Today we're going to make a fun, fully functional Snake Game using blocks like clone and if/then, with our Snake Scratch tutorial. Step-by-step we’ll take you behind the logic of the old classic Snake Game from Tetris and use Scratch coding to bring it to life. We'll also reveal how to customize it in unique ways to make it your own.
By the way, we also have a special fun Scratch Pokemon game class right now. Plus check out our award-winning free Scratch class, designed by professionals from Google, Stanford, and MIT, for live expert guidance.
About the Snake Game
The snake game has been around for decades. It was originally played on a battery-operated hand-held device known to the world as Tetris. But unlike the game of Tetris, the Snake game was a little less eventful. However, the world still got hooked!
When the Snake game was first released, the focus was everything but the design. The “snake” was nothing more or less than a chain of grey blocks that got longer every time the snake was “fed”.
It’s food: grey blocks – much like the ones of its body. And because the snake had a mind of its own, the player had to keep the snake from self-destruction. As it moved without a break, the walls and snakes own body were its biggest threat. Turning the snake away from getting on edges kept you in the game. The upside of the challenge: higher levels that offered the snake a “wall” immunity. And so, we kept playing then, as we do now!
Today, the Snake game comes in all shapes and forms, as well as colors, but the basics of the game stay the same.
In this tutorial, we’re sticking with the original look and feel of the Snake game — so get ready to embrace square blocks. Our focus is to show you how easy it is to take something as plane as an image of a square and make it into a moving, eating, growing, functioning Snake. Check out the finished project here.
To make a fun game in Scratch every week, join our expert-led live online Game Building club:
Snake Scratch tutorial step by step
In this tutorial, we will show you the core blocks you’ll need to put together in order to get your Snake Game running. Follow along as we simplify the flow.
1. Make a custom Scratch Sprite
Instead of selecting a Sprite from the Sprite library on Scratch, we will make our own. Hover over the icon for Sprite Library and select Paint to get started:
2. Draw a Square for your Snake Sprite
Click on the Rectangle tool to make a square. Click on the Fill (paint bucket icon) and then click inside your square to paint it one even color. Use Fill tool to choose your color.
3. Food Sprites
Right click on the Sprite you just created and select duplicate. Then, inside of the Costumes tab, make another copy of that Sprite. We will have two costumes for the Food Sprite, and then we’ll program it to switch between the two just like in the original Snake Game. Be sure to choose a different color for both costumes.
4. Make the Snake Move
Let’s program our Snake Sprite to get moving as soon as the game starts. Additionally, we’ll use up/down/left/right arrows to control Snake’s direction:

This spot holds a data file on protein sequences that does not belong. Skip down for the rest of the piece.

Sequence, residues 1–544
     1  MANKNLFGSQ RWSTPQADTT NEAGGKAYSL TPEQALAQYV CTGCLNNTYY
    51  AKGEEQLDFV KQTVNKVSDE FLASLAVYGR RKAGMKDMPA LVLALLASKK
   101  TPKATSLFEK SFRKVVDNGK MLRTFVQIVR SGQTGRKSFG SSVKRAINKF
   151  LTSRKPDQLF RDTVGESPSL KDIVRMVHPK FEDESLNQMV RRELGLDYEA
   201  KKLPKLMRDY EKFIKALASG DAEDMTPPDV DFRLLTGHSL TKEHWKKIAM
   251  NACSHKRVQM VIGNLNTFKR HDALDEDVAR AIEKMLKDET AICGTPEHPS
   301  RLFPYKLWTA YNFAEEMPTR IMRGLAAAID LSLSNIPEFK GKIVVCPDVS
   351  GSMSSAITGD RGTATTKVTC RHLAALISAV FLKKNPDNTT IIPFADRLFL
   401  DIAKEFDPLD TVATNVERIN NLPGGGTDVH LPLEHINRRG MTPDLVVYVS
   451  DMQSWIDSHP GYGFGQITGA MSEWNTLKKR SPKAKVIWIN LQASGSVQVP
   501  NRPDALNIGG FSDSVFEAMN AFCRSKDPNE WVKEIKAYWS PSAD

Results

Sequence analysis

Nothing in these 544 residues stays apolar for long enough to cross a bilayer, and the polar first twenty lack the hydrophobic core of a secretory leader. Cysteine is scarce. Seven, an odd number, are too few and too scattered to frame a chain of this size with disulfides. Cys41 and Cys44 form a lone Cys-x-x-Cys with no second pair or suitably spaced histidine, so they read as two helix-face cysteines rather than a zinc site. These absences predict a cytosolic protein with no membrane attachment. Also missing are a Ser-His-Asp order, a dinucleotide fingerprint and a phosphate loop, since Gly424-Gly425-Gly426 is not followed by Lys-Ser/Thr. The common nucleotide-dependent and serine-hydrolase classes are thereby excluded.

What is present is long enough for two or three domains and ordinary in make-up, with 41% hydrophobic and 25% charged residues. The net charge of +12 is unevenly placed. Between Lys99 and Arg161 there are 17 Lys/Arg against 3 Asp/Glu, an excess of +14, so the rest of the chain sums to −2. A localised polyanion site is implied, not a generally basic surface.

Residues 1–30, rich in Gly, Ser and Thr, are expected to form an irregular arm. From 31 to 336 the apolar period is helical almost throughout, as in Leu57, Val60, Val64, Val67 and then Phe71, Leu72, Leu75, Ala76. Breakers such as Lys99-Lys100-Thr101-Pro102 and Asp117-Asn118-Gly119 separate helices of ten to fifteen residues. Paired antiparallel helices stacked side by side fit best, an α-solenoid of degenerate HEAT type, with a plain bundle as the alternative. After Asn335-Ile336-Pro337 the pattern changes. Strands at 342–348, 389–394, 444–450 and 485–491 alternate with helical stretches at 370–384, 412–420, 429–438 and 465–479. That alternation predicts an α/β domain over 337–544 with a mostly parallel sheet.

5. Clone for Length
We’ll first create a variable and then use it to keep track of how many times the Snake Sprite collides with the Food Sprite. Then we’ll use that same variable to control the length of the Snake. This will be done by deleting the clone after waiting so many seconds. The seconds become the value of the variable and the more the snake “eats” the longer it will take to delete the clones which makes the Snake Sprite bigger in length:
6. Set the Food Sprite’s Position and Function
Our Food Sprite will always go to a random position at the start of the game, as well as each time it collides with the Snake. It will also switch back and forth between the two costumes so that it appears as it is signaling the Snake to catch it at its new location. Lastly, we’ll keep track of its interaction with the Snake Sprite using our count variable:
7. Ending the Snake Game
Since the rule of the game is to keep the Snake Sprite away from the walls/edges, we’ll use an if/then conditional block along with the sensing block to check for the edge. The game stops if the condition is true:
You did it!
Remixes and examples of snake Scratch tutorial
There are numerous snake game remixes on Scratch. Most of them are customized but the concept is the same. For example, this Snake Game by Wodunne offers levels of difficulties and the snake itself resembles a real snake. Some game builders keep global scores such as this one made by FUNUT, where players all around the world can compete.
There are also some easy to follow YouTube tutorials like this one made by Daniel from Coder Prodigy, and this one by xamuil2 where a Pen Extension, My Block, and mouse pointer function is used to control the snake.
Now you know how to make a snake Scratch tutorial
In this tutorial, we showed you how to make a simple Snake Game on Scratch using clone blocks, variables, and arrow keys, in order to control snake’s behavior in the game. Want to learn more? Join us virtually at Create & Learn, where we offer the world’s best-in-class live STEM classes designed by Google and Stanford experts, including advanced Scratch, taught by experienced and passionate instructors.
Up next, find out how to make a game with levels on Scratch.
Written by Sandra Dizdarevic, a Create & Learn instructor with 6 years of experience teaching STEM to children in the 3rd through 11th grade. She has an Undergraduate as well as a Masters Degree in Management Information Systems from UNO.